She was in the dark place. She was drowning in the scents around her – beer-tinged piss, wood smoke, exhaust fumes, and the stench of something very sweet.
Wake up, wake up! But she never could; not until each scene unfolded, again and again. She’d had this same dream for as long as she could remember: same dark place, same evil people, same cloying stench. Same ending.
Wake up, damn you, she groaned in her sleep.
The man had the woman on the ground and was hitting her. The little girl – she was the little girl in the dream – kicked and bit and screamed, but boney fingers clenched her arms. She was just a child; she couldn’t escape.
Another man – she called him the snake man -- walked up and kicked the first man savagely. The woman crawled to the newcomer’s feet and grabbed the ankles of his boots. The little girl knew they were speaking, but couldn’t understand the words. The man in the boots touched the woman’s cheek, caressing her face gently with his left hand. The snake tattoo wound its way up his arm, slithering as his muscles tightened.
Wake up, wake up, please.
His right hand rose above his head. He held something that was long, thin, black, and caught the flicker of the firelight. To a child, it looked like a very long nail.
The woman looked at the little girl and spoke the same words every time, “Close your eyes, Baby.”
The phone was ringing. The phone. There’d never been a phone in the dark dream before.
sat up, switched on the bedside lamp, picked up the phone with one hand and
with the other, opened the table’s drawer and patted the empty spot where she
used to keep a pack of Misty’s. Beverly
her mother’s voice was shaky. Bev
glanced at the alarm clock. Beverly
“Mom, it’s 2:30, what’s wrong?”
“I can’t find the cat.”
“Of course I have a cat. What’s wrong with you?”
“I certainly do. Serious hasn’t eaten the tuna I put down for him in three days. I haven’t let him out. But I can’t find him.”
Her mother Theodora, called Teddy for short, had forgotten that Serious Cat, a part tuxedo, part Persian had succumbed to kidney failure three years ago. As
slipped on old jeans, a T shirt and her well-worn grasshoppers, she debated the
best way to break the news to her mother – again. Beverly
“Mrs. Knightly, I’m Dr. Eoghan.” The young man entered the room reading a chart, and stuck out his hand without looking up.
Eoghan looked up and pursed his lips. “Dr. Figaro is at surgery. I’m one of his partners.”
“No offense, Doctor, but we’ll come back when Dr. Figaro is available.” Bev turned and touched her mother’s shoulder. “Time to go, Mom.”
“The nurse said you were very concerned about your mother.” Eoghan stepped in front of the door.
“The nurse also said Dr. Figaro would see her.”
bristled. “He’s the only doctor my mother’s ever
known. I’m sure you’re a wonderful doctor,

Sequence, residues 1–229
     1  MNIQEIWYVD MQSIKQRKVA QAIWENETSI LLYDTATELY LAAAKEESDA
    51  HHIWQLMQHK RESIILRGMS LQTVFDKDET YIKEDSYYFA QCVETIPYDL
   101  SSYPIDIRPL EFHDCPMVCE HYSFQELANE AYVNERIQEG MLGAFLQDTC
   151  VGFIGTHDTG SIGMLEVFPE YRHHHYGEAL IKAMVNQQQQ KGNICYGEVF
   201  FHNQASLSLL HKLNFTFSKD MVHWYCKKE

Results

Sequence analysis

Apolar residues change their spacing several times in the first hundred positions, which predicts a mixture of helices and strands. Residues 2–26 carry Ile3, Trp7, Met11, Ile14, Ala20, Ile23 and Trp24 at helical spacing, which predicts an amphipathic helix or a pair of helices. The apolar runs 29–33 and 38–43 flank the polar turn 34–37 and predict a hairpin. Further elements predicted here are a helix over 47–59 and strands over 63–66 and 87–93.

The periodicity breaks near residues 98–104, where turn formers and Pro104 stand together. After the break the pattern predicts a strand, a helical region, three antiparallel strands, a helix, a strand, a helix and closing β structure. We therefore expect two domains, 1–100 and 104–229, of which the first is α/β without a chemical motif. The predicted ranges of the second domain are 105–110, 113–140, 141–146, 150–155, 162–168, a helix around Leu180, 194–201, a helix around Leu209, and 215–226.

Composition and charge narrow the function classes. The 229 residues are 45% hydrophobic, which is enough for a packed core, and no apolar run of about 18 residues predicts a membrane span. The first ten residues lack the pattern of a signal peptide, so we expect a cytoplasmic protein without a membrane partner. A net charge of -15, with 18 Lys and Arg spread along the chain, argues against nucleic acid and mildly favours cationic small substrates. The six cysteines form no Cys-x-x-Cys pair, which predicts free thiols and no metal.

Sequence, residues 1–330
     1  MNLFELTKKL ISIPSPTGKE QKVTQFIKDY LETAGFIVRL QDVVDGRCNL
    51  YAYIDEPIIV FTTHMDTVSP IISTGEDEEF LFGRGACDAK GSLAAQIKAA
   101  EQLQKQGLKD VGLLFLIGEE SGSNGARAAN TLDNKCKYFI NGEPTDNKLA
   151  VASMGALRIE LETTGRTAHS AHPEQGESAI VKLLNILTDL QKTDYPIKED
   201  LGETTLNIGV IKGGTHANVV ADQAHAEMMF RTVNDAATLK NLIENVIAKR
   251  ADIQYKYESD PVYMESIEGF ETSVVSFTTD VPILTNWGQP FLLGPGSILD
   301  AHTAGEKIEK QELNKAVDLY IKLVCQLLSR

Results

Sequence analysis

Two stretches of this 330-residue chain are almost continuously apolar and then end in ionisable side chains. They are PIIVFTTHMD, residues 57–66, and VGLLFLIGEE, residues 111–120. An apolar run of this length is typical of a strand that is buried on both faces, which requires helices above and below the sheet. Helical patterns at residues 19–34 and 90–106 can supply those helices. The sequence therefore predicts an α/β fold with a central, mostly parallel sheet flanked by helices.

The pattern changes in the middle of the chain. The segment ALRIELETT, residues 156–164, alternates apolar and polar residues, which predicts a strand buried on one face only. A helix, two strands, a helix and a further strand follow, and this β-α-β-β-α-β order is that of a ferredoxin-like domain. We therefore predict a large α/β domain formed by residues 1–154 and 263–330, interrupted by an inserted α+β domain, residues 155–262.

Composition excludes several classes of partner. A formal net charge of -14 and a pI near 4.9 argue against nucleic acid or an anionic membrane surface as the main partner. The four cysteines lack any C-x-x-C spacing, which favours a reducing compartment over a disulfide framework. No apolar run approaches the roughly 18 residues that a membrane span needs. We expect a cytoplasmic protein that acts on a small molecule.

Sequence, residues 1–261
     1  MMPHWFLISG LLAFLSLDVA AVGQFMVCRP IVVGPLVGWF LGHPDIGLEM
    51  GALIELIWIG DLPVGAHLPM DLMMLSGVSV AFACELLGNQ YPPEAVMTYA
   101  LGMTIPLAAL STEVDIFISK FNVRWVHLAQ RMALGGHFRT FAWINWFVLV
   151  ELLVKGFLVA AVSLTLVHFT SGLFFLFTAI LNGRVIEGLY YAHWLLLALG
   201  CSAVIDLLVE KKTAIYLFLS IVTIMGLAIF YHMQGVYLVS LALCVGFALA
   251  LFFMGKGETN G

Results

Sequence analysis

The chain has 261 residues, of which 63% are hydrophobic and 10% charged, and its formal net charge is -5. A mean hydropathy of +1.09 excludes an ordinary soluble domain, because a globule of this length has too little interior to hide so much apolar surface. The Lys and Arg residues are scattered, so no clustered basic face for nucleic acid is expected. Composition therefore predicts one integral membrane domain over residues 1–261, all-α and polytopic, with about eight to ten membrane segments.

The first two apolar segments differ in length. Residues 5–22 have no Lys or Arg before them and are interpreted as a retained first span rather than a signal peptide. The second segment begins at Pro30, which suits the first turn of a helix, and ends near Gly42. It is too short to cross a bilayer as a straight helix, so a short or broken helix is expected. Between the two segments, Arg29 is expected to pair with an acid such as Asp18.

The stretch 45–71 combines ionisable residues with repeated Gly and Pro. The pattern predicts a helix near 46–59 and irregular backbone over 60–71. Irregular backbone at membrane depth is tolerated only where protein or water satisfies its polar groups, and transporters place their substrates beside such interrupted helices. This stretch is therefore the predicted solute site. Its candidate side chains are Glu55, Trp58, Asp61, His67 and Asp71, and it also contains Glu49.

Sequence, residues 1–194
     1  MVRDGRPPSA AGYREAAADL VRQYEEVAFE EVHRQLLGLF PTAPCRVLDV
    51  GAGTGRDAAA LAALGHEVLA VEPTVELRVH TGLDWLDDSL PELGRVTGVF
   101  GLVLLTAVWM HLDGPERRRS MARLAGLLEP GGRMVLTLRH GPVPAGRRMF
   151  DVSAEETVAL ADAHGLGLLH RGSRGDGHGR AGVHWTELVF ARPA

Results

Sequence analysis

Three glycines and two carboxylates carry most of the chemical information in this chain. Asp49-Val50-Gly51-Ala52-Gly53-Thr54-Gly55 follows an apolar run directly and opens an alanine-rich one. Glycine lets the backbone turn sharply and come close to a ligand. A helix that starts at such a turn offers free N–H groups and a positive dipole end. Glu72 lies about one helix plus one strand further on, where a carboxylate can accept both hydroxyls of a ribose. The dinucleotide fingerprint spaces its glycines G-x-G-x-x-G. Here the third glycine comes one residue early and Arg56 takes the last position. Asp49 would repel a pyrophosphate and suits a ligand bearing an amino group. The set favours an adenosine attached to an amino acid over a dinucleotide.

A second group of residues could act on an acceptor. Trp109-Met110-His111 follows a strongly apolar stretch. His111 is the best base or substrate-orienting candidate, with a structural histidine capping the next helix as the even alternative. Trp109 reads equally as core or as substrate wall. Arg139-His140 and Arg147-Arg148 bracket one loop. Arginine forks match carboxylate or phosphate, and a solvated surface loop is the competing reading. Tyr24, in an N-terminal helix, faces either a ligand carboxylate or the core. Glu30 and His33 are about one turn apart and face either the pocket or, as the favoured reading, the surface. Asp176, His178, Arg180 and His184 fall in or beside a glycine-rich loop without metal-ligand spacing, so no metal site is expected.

I just want to speak with someone who knows my mom.” Beverly
“Give me a chance.” He shrugged and grinned. “Why don’t you tell me what the problem is, and if you’re not happy with my suggestions, I’ll tell Dr. Figaro everything when he gets back this afternoon. He can call you.”
“I have her entire folder here. It goes back ten years. It will save you a trip.” He pointed at the examining table. “Mrs. Knightly, why don’t you hop up here for a minute?”
While Eoghan examined Teddy, he asked
questions. “What’s happened?” Beverly
“She called me last night about something. When I went over to her house, I found out she’s not been taking her medication.”
“Tacrine or synthroid?”
“The one for mental confusion: tacrine.” Bev smoothed her skirt. “It looks like she’s missed four day’s worth.”
Bev glanced down to her right, frowning. “She’s not been paying her bills. I got a phone call from a friend at the city and had to rush a check to them to keep them from turning off her lights.”
Teddy snapped, “Of course I pay my bills. They must have lost it! You know how they are!”
Eoghan felt her pulse and spoke softly. “Mrs. Knightly, how do you feel?”
“My cat died.”
“I’m sorry to hear that. I love cats. When did it happen?”
Teddy looked to
for help. Beverly
“Three years ago. But because she hadn’t been taking her medication, she was concerned last night that she couldn’t find him.”
“His name was Serious.”
“I like that name. My cat’s name is
Eoghan held a cell phone to his ear. “Janet, come to room five please.”
“Hello Mrs. Knightly, Mrs. Birch.” Janet was huge and always smelled of cedar. Both mother and daughter brightened at her greeting.
“Janet, would you take Mrs. Knightly’s vitals? Mrs. Birch and I will go to my office to get out of your way.”
The diplomas on the walls were from American universities. He watched as she scrutinized them and didn’t sit until she had.
“So, how are you holding up?
“I’m fine.” She looked at his white coat and noticed a red lighter resting in the front pocket.
“You look tired.”
“Doctor, you don’t know me, so you have nothing to compare my present looks with. Maybe I always look this way.”
hoped the wry
twist of her lips helped her words come across as humor. Beverly
Close Your Eyes
© Evelyn Rainey
Available for publication.